When French economist and legislator Frederic Bastiat accused “disseminators of subversive doctrines” of “concocting the antidote and the poison in the same laboratory,” he might — were he alive to see the follies of our day — have American healthcare in mind.
The state of Alabama offers driver's license tests in Japanese, Korean, German, Arabic, Chinese, Farsi, French, Greek, Russian, Spanish, Thai, and Vietnamese. And English. Tim James, a Republican candidate for Governor, says that's 12 languages too many.
The United States’ unemployment rate remains high at 9.7 percent. States are in the unfair position of having to take immigration law into their own hands. Americans are angry about the overspending in D.C., increased taxes, an aggressive health care bill, and proposals for “cap and trade.” But despite all of these looming issues, what legislation does Congress plan to tackle today, April 29? H.R. 2499 (Puerto Rico Democracy Act of 2009), a piece of legislation that may allow Puerto Rico to become a state.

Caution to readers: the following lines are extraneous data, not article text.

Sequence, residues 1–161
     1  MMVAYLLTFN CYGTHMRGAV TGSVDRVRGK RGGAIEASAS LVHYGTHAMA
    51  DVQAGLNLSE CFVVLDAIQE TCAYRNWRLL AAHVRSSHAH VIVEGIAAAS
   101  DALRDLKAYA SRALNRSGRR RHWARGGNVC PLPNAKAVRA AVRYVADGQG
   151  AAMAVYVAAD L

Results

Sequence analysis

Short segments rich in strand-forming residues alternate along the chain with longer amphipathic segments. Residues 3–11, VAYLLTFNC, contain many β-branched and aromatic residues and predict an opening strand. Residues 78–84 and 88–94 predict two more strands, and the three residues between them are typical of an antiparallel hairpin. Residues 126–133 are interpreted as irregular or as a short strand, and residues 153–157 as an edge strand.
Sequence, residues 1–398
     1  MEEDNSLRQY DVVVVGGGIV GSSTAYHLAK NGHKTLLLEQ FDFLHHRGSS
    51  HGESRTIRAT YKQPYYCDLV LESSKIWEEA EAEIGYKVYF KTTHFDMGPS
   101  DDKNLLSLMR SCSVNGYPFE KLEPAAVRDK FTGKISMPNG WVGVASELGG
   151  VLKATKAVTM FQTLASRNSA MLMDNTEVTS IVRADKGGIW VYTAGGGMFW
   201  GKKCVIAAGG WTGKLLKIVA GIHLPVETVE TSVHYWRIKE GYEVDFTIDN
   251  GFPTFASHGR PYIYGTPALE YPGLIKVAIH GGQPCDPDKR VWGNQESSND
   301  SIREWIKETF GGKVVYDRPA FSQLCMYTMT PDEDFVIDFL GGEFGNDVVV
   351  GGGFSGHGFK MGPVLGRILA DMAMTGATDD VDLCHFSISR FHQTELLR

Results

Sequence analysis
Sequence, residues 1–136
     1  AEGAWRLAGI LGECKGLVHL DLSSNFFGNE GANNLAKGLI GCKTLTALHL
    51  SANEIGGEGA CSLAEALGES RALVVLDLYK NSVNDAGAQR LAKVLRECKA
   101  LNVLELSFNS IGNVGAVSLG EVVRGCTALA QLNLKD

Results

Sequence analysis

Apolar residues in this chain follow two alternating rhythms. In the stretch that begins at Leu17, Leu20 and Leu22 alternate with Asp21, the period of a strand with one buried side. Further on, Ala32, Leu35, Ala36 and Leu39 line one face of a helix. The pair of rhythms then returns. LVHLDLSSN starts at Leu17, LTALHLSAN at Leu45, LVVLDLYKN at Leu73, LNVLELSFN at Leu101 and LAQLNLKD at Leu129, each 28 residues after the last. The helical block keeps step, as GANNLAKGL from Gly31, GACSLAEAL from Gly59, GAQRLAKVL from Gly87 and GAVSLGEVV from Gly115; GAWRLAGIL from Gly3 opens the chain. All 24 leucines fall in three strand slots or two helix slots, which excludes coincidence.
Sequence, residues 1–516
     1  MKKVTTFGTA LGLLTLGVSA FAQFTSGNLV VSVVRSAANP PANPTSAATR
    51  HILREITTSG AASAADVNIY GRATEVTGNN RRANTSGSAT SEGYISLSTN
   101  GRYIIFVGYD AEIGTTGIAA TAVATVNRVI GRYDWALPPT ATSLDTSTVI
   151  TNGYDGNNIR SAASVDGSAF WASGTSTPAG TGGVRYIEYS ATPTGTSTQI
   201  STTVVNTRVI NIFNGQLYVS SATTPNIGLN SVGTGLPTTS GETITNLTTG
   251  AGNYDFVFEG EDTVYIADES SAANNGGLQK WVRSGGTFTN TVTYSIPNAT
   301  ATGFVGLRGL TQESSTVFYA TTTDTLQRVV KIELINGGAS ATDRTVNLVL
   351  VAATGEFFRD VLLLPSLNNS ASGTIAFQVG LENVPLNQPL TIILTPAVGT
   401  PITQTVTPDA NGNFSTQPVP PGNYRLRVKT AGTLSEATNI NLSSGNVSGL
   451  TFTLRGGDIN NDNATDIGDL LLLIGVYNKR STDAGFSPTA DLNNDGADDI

The Board of Supervisors in Santa Clara County, California, voted 3-2 on April 25 to ban restaurants in unincorporated areas of the county from giving away toys with children's meals that exceed set levels of calories, fat, salt, and sugar.
The Obama administration finally finagled reticent Democrats into passing “healthcare reform,” despite the fact that a majority of Americans were against the Democrats’ bill. And the Democratic Party, as a whole, will likely face retribution by the public during elections in November, but the retaliation will probably not be for the reasons you might think.